Tom Locke is a mercenary.
Some might elevate his career to being a security consultant but it is unlikely Locke would do so. He is comfortable with what he does and does not play games with it.
When we first meet him, he works for what seems to be a major player in this line of work, Apollo Outcomes. He has, according to his own words, "been the Apollo man in Africa for more than a decade: raising small armies for U.S. interests; preventing a genocide in Burundi with twelve competent soldiers; defeating a warlord in Liberia without firing a shot; 'shaping the environment' in Sudan to make way for American foreign policy. Standard stuff." The mission he is completing at the beginning of the first recorded adventure was different for him, however, with the objective being "to seize, protect, and operate major oil fields, on foreign soil, for an American oil company, in the middle of a civil war."
Locke does not fit into the stereotype of a mercenary, though. For one thing, he is not uncomfortable or ill at ease in a suit. He actually owns several of them and they fit well. For another, he can deal with boardroom meetings as easily as he can dark alley rendezvouses or campfire powwows; he knows that there is a potential for bloodshed at any time so tread lightly, don't lose your cool, and always watch your back. And then there is the love of opera.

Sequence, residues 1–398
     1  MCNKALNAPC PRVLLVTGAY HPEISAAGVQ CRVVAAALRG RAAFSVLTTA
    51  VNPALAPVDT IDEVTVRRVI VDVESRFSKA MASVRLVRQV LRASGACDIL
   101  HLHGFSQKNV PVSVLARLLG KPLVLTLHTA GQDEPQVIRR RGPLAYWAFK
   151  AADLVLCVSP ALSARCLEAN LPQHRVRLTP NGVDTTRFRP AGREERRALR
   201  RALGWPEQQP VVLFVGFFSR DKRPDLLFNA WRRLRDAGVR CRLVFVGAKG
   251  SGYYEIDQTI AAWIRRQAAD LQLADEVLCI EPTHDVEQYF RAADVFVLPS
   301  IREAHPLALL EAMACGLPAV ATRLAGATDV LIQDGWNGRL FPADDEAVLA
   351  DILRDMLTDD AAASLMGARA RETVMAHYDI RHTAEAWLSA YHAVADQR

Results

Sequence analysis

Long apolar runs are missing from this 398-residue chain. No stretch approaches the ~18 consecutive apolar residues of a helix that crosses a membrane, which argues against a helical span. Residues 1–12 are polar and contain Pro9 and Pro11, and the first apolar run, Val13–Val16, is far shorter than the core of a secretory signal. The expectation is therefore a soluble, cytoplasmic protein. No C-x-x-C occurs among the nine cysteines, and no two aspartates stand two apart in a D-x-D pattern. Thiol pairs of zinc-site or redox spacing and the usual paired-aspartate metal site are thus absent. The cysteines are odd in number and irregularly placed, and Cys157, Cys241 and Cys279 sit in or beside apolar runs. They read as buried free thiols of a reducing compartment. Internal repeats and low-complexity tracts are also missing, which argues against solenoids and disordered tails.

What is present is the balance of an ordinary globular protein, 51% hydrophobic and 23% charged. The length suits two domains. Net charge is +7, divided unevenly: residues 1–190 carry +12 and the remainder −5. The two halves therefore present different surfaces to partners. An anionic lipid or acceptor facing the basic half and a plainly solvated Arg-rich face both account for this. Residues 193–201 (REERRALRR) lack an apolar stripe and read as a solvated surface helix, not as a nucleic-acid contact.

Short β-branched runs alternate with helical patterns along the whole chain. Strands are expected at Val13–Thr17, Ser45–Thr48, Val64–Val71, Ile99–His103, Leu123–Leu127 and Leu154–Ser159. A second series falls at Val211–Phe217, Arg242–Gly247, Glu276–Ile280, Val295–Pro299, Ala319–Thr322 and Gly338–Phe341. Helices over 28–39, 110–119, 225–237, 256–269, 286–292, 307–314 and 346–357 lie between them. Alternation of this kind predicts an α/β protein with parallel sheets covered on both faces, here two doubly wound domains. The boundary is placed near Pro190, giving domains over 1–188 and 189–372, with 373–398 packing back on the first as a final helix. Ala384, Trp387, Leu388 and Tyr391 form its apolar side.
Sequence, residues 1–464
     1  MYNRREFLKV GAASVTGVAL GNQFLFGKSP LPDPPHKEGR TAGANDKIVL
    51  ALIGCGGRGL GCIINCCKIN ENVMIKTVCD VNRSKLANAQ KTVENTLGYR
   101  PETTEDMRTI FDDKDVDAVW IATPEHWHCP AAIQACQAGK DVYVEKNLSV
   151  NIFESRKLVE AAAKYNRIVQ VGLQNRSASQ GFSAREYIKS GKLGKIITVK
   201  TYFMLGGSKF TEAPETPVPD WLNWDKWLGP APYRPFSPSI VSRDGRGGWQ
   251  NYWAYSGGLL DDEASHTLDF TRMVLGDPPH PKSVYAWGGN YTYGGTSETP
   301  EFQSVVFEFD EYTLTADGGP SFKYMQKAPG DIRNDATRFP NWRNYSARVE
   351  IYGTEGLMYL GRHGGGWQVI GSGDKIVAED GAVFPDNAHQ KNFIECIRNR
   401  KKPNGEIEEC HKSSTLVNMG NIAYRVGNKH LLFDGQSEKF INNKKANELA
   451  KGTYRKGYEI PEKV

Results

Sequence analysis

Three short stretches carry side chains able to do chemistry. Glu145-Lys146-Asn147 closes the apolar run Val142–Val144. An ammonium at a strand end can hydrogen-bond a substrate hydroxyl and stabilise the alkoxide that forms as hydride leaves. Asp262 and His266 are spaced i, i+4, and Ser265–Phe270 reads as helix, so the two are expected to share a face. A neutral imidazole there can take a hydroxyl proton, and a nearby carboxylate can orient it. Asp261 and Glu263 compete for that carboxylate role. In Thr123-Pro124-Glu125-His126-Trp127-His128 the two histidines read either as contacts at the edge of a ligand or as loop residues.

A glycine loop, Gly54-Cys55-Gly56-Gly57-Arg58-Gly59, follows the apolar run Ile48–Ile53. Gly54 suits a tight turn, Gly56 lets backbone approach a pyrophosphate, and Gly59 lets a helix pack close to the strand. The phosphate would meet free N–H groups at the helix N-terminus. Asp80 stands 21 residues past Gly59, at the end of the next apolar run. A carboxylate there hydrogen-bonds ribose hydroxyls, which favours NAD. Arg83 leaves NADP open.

His background does go along with any "standard" merc career path, if a bit more prestigious. He had served for several years in the U.S. Special Forces but chosen to get out when his enlistment ended and gone to college. He had been a graduate student when first approached by a recruiter who implied he worked for the State Department but really was with the CIA. He had not decided yet when the planes hit the Towers. Some time later he switched to the private sector where his work was the same, just the name on the pay stub was different.
Some mercenaries do the work because they have nothing else they can do. Locke is different in that he loves the the excitement and needs the challenge. He is smart and experience enough to know that "sometimes 'best man for the job' just meant the least informed".